Handmade Halloween Gnomes, witches, a pumpkin and Dracula

How to Make Easy DIY Gnomes

This seems to be the year of the GNOME. They are everywhere you turn, and they are in every size, every shape, and every style! Inspired by all the cuteness, my girlfriend, Ruth made these adorable versions to utilize her Mom’s stash of recycled wool sweaters. I think they are irresistible and like dolls, connect to each of us differently. Come along for today’s creative challenge, as I show how to make these easy DIY gnomes.

HALLOWEEN Gnome Ebooks! click HERE

I just released 3 new ebooks for Halloween gnomes, including witches, mummies, and ghosts. They include full-color photos with step by step instructions. Each over 19 pages long. Patterns, ideas, and tips! Check those out HERE. Buy all 3 and save, or you can buy them individually too!

Spring DIY Handmade Gnome with carrots

MORE INSPIRATION 4th of July Gnomes, click HERE

 2 DIY University of Minnesota golden Gopher graduate gnomes with a diploma - made from an easy tutorial & free pattern

DIY Gnome Ideas and Designs

Whatever design you prefer, Scandinavian, Viking, nordic, garden, country, holiday, or tree, nurse or graduation gnome, etc.; there is probably a gnome style for you.

DIY nurse gnome with a red heart - made from an easy tutorial & free pattern

There are so many ways to design gnomes. They can be crafted for any celebration, holiday, or to honor someone special. I will continue to add new versions to this post as Ruth designs more. Be sure to check back occasionally to see what’s new!

By adjusting the color palette, the fabrics, and changing up the props, your gnome takes on a whole new look. For example, try a brighter colored outfit and include tiny birds, flowers, or a fishing pole and you have Spring or Summer gnome.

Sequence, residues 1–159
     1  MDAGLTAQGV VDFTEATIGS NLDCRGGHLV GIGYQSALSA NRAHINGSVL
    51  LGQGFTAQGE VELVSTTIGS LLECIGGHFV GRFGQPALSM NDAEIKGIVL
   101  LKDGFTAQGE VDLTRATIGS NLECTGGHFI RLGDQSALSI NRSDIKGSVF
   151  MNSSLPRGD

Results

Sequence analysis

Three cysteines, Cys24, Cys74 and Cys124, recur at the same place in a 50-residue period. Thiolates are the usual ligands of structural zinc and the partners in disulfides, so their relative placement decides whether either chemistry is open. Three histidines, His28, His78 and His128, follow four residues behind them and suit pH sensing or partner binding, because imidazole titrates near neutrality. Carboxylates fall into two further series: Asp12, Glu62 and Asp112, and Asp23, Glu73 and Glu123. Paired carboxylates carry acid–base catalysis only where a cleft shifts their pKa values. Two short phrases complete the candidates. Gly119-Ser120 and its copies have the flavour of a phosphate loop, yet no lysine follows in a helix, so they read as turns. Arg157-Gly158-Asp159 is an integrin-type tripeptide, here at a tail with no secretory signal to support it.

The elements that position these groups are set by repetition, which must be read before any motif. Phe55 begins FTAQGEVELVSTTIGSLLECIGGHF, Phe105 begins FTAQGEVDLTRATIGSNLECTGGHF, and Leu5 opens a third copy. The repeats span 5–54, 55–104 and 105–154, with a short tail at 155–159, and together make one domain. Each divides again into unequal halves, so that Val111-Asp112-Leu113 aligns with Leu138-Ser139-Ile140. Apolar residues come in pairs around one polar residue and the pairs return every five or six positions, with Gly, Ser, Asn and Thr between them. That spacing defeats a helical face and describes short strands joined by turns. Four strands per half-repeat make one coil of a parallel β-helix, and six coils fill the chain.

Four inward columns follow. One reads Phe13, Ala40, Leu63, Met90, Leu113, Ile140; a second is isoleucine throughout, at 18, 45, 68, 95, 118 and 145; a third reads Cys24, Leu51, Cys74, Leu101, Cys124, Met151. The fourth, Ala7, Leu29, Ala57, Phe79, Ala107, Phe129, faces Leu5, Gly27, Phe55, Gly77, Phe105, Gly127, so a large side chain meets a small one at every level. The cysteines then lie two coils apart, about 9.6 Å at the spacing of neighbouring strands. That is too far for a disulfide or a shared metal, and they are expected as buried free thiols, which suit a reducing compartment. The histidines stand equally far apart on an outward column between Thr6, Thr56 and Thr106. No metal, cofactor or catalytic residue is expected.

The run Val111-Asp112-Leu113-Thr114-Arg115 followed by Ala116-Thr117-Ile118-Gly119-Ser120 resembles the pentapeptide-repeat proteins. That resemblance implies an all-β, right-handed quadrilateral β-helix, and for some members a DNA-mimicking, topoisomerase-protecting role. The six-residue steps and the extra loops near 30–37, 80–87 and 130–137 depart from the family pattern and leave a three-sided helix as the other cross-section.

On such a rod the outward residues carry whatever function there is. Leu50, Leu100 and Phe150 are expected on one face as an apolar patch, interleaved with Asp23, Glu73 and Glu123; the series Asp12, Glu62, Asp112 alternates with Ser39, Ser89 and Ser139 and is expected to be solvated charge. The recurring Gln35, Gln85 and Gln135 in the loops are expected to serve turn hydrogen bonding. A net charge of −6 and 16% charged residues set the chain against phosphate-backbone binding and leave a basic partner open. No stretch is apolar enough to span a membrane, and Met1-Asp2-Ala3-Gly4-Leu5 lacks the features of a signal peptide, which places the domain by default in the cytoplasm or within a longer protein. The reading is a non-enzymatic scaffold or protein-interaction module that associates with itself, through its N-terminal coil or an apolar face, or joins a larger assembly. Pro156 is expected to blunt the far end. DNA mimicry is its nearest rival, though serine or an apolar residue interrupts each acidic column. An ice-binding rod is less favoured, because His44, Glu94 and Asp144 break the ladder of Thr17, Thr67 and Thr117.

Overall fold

Similarly, you can create gnomes for all the holidays. For instance, use lots of pink and red, with tiny hearts for Valentine’s Day and a green and orange scheme with shamrocks for St. Patrick’s Day. Do a pastel color palette, with eggs and a basket for Easter. After that Halloween, with tiny pumpkins, brooms, spiders, and bats. The possibilities are endless!

Are you ready to make one yourself? Keep reading and I will show you how.

Free Gnome Pattern Download

For starters, if you’d like to use a pattern, I’ve got a FREE one! It’s nice to have a pattern if you plan to make more than one and you’d like them all to be similar.

Valentine's Day Handmade gnome - tutorial for how to make them

After making one gnome, you will quickly get the hang of it and you can then adjust the size and details to create your own style.

To download the free pdf pattern, simply CLICK HERE. Just subscribe to the Bloom newsletter, and you will have access to all my project downloads.

After you download the PDF, continue to scroll down this post to read the step by step instructions on how to make easy DIY gnomes.

Print the PDF pattern. If you are only making one gnome, a paper pattern will work fine. However, if you make more than one, you may consider transferring the pattern to rigid cardboard, this makes it easier to trace around and cut the fabric gnome parts out.

Swedish handmade gnome - DIY tutorial for how to make gnomes

Gnome Pattern Pieces

For most gnome styles, there are 3 main pattern pieces. One for the body, one for the arms, and one for the hat. I have also included a pattern for the beard, mittens, and nose. Other styles of gnomes have additional accessories.๐Ÿ˜

Gnome Supplies and Materials